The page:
I think this links back to why I myself write sensational, often violent and spasming poetry, and why I value the kind of poetry and art and film that brings violence continually back into view. Violence is always moving, it’s in the system, it makes things happen, it makes the products we buy available to us for low low prices and in record time. It poisons our children and kills our brothers and sisters, especially children and brothers and sisters we would never have considered our children and our sisters, except that we are linked to them by the violence that sometimes erases them, sometimes poses them for the camera. We should have to look this violence in the face more often. We should have to take violence into our faces, via our eyes.

7 comments for this entry:
  1. Rebecca Loudon

    I was grateful to read this as I was once one of the vulnerable homeless at 13 and terrified and terrorized inside and out of my family. I don’t give voice to it much but it has of course skewed my entire life. I suppose I became a writer to write of it which I am doing now through Henry Darger and his terrorization of The Vivian Girls in his books and his paintings. I see my own life flapping out like opened skin in his work. There is so much more I want to write but not here not now. Am I afraid to face it? Not anymore. I’m afraid of being looked at though like someone/something trapped.
    Rebecca Loudon

  2. Joyelle McSweeney

    Rebecca, thank you so much for this incredible comment. I felt uncertain about posting this because I do feel the power imbalance– the figure in the picture is trapped. Amanda Hall felt so trapped she killed herself; Regina Walters was literally trapped. The photos I talked about in an earlier post about juvenile prisoners in the post-Soviet prison system are also trapped, and also around the same age, and also in the circuit of violence. Even as one who has not had these experiences, that dynamic is very visable. But I also feel so moved and somehow flayed open myself by these images and testimonies and art, kind of like Barthes punctum on overdrive, and I can’t settle down into just one reaction. It seems like the ‘proper’ reaction is to be undone and wracked by a pain which, while it can’t be symmetrical, is at least attentive, presence, embodied and responsive.

  3. Joyelle McSweeney

    Sorry Amanda *Todd*

  4. Joe Bratcher

    I’d like to thank you for this incredibly important post. Seeing/ hearing/ experiencing these traumatic situations expands my imagination in ways that I wish it never need be expanded. Reading about the everydayness, the over saturation to the point of invisibility of these deaths, creates a space that is horrified, saddened, yet one that cannot look away. Most moving for me are your closing words which speak of your work (and surely the work of others) which throws a light on the unknown/ unseen horrors that are real. Evil surrounds us and emanates from us, and try as we might we can not, indeed must not, look away.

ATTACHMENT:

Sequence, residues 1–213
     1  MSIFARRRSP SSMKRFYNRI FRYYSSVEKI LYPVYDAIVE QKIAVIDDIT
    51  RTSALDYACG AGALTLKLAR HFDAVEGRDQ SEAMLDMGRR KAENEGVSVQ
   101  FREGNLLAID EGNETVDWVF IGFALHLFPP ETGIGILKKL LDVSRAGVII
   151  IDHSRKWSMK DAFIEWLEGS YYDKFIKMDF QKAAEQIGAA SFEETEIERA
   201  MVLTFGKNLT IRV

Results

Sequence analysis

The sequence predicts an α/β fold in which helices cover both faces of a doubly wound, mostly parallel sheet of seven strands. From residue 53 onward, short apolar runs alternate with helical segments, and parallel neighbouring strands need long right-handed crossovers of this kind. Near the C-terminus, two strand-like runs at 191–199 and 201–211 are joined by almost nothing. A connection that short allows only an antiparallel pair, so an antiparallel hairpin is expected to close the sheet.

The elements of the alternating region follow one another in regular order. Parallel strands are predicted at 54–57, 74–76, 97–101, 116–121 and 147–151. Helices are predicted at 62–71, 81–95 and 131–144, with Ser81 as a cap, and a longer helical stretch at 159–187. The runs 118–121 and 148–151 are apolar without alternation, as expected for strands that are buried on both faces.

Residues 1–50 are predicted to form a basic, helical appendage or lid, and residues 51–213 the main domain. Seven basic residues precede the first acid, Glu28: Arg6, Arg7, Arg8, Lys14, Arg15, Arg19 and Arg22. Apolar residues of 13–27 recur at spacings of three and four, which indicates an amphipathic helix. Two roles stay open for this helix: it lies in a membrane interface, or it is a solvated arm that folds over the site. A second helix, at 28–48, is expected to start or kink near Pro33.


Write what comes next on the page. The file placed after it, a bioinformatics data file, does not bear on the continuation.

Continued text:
5. Chris Chapman

    There’s a clip of Reena Virk’s body under the bridge where she was beaten to death by Kelly Ellard in Saanich that BCTV broadcast that night. Kelly Ellard is my cousin.

    I never met Kelly. My mom told me she’s a relation from Saskatchewan. But we’re all related in BC by its deathworld. No matter how ugly South Bend appears, it’s candy. I can blame everyday impoverishment for the vancouver violence that gets these girls. But abstraction isn’t real and there’s this shame.

  6. Ailbhe Darcy

    I read yours and Carina’s posts right before bed last night, Joyelle, and went to bed properly angry with you both! I did not want the image of Regina Walters, terrified, in my head. It made / makes me feel physically ill. It certainly interfered with sleep.

    The particular way Walters’ fingers curl in the photograph is, for me, horrifyingly similar to the way my three-month-old baby’s fingers curl when he is terrified and screams. (So far only about things that are trivial, of course – though he can’t know that’s all they are.) This is not a connection it’s comfortable to make. As well as bringing home the horror of the image (the abject terror), it makes me feel utterly helpless to protect my son: and not only from actual violence, but from all the horrifying things that force themselves into one’s consciousness in a connected world. Who does it help, our knowing these things??

    As you say: “I am also damaged by them. I am damaged by this violence, the violence done to these girls and the damage I do to myself and them by looking. I am damaged, deformed, and changed by it. “

  7. Joyelle McSweeney

    Ailbhe, I see your point, definitely. I didn’t put that photo up in my post for just that reason– my post is about discussing the shame of looking and possible ways of framing the looking– but I didn’t include either photo because I didn’t want to make that choice for the reader. On the other hand, Carina’s post seems to me to be about an immersion in images and so including that image mobilizes that immersion. That said, I am troubled and frightened by that picture and have scrolled past it quickly so that I don’t have to be confronted by it unawares. So I can see your point. I also don’t want to get so ‘used’ to the photo that I no longer encounter it. The encounter’s force is important to me. It seems like people have had a range of reactions to the post which is also important to me. I don’t consider this matter settled in my mind either. It’s a raw, mobile pain.